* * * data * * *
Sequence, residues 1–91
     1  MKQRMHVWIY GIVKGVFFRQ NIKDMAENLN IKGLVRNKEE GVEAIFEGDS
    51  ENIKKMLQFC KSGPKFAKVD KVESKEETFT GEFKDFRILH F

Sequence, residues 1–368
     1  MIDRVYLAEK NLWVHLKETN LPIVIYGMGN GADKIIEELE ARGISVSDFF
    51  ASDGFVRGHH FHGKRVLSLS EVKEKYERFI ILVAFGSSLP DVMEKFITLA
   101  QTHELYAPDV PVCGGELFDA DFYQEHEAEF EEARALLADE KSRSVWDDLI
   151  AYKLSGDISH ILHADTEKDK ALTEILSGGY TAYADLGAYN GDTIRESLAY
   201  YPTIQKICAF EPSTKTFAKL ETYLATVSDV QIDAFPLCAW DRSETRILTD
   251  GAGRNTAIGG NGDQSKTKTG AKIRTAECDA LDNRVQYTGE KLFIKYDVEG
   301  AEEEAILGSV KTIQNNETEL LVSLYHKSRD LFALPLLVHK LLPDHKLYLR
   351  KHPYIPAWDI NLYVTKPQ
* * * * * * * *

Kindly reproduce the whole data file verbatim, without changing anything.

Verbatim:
Sequence, residues 1–91
     1  MKQRMHVWIY GIVKGVFFRQ NIKDMAENLN IKGLVRNKEE GVEAIFEGDS
    51  ENIKKMLQFC KSGPKFAKVD KVESKEETFT GEFKDFRILH F

Sequence, residues 1–368
     1  MIDRVYLAEK NLWVHLKETN LPIVIYGMGN GADKIIEELE ARGISVSDFF
    51  ASDGFVRGHH FHGKRVLSLS EVKEKYERFI ILVAFGSSLP DVMEKFITLA
   101  QTHELYAPDV PVCGGELFDA DFYQEHEAEF EEARALLADE KSRSVWDDLI
   151  AYKLSGDISH ILHADTEKDK ALTEILSGGY TAYADLGAYN GDTIRESLAY
   201  YPTIQKICAF EPSTKTFAKL ETYLATVSDV QIDAFPLCAW DRSETRILTD
   251  GAGRNTAIGG NGDQSKTKTG AKIRTAECDA LDNRVQYTGE KLFIKYDVEG
   301  AEEEAILGSV KTIQNNETEL LVSLYHKSRD LFALPLLVHK LLPDHKLYLR
   351  KHPYIPAWDI NLYVTKPQ